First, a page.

7. Gore

If you have any sort of problem with blood, long story short, stay away. Far away. This sub-genre is based off dismemberment, torture, murder and other painful things. It may just be the thing for you as the terror is based in real life horror rather than fantasy, but it's definitely the last genre you want to take lightly.

Recurring Elements:

- Graphic Violence (Gore films aren't called so because of their PG content. The violence is constant and always bloody.)


Saw (James Wan)

Dawn of the Dead (George A. Romero)

Hostel (Eli Roth)

Should I watch?

If you like slasher films you'll probably like some of what this sub-genre has to offer. Some do offer great social commentary but if you're looking for a riveting story, most gore films has little to offer in terms of plot, the first Saw being the exception. Frequently brutal but concise, it's a good starting film.

8. Body Horror

Unlike gore which is more violent and centred around torture, body horror is far more grotesque, focusing on body mutation and the psychological impact of losing control of your body. Its roots lie in gothic horror and is famous in creating feelings of physical and mental disgust.

Recurring Elements:

- Transformation/Mutation (Characters lose control of their body and become something else)


The Fly (David Cronenberg)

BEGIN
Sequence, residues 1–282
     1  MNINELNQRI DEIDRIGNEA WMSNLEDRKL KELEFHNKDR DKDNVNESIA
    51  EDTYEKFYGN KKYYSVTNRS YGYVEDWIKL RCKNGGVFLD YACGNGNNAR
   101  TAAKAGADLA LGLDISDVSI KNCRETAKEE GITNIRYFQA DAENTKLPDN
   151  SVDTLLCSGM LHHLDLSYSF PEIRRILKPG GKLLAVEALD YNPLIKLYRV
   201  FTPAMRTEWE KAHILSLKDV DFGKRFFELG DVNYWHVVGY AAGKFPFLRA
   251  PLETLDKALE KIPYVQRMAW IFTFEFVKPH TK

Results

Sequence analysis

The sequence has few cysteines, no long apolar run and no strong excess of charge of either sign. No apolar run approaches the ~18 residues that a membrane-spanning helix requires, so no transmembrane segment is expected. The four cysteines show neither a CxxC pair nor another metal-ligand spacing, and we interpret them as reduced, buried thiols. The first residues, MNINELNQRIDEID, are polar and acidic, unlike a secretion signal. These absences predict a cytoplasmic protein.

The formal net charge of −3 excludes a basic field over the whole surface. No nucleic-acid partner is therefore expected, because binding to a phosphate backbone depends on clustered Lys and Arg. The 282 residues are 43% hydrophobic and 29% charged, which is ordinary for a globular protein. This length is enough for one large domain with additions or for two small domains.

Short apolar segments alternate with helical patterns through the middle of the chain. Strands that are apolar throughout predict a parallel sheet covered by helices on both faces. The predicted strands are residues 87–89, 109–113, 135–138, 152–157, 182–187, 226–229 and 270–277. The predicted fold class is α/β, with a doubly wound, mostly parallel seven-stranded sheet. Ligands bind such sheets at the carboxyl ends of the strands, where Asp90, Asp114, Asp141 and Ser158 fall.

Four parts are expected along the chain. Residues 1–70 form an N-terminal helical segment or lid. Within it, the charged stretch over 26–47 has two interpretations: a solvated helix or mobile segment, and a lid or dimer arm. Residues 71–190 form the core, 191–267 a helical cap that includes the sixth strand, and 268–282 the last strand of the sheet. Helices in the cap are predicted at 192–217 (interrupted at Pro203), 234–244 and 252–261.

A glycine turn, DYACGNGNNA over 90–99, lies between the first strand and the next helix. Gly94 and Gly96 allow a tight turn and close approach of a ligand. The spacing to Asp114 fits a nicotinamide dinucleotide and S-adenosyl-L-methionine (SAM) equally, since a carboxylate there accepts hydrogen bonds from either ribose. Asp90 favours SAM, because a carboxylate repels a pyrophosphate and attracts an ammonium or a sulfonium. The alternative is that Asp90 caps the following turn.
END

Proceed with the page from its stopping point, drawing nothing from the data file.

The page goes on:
The Blob (Irvin Yeaworth)

Should I watch?

Body horror can be particularly distressing and although not always bloody, the imagery can be quite revolting and disturbing. It's particularly effective at eliciting strong, emotional responses as well as physical repulsion so if you're looking for a cheesy flick to pass the time, maybe find a paranormal or slasher. That being said, these films can have a lasting impact and that may be exactly what you're looking for.

9. Found Footage

From its birth in the 80's to its continued use throughout the 2000's, Found Footage films made its dent on horror cinema with a a bang. This particular sub-genre has a very realistic/grounded feel that does a good job in inviting you into the world. The acting can also come across more natural as well as the horror.

Recurring Elements:

- First Person (A common trope used in found footage movies.)

- Documentary Style (Some feature police investigations and news reports that help establish the world.)


The Blair Witch Project ( Daniel Myrick and Eduardo Sánchez

Paranormal Activity (Oren Peli)

Should I watch?

Dripping with anxiety inducing terror, found footage horror is fast paced and doesn't take time to set up tone/atmosphere, making many quite forgettable. A horror classic and great starter would be 'The Blair Witch Project'.

* * *

And you're off! Hopefully this little guide helped you figure out where to find the perfect horror film for you. As for every film mentioned in this guide, make sure you check the age rating and content so you're comfortable with the material. Nasty surprises are the crux of horror but all in good fun :)

Thanks for reading! Leave a like if you enjoyed and as always, tips are hugely appreciated. Click the little picture of me for tons more content like this. See ya! - Ciarán

movie review
Ciarán Coleman
Ciarán Coleman
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Ciarán Coleman

'There's no time for hatred, only questions

What is love, where is happiness

What is life, where is peace?

When will I find the strength to bring me release?'

- Jeff Buckley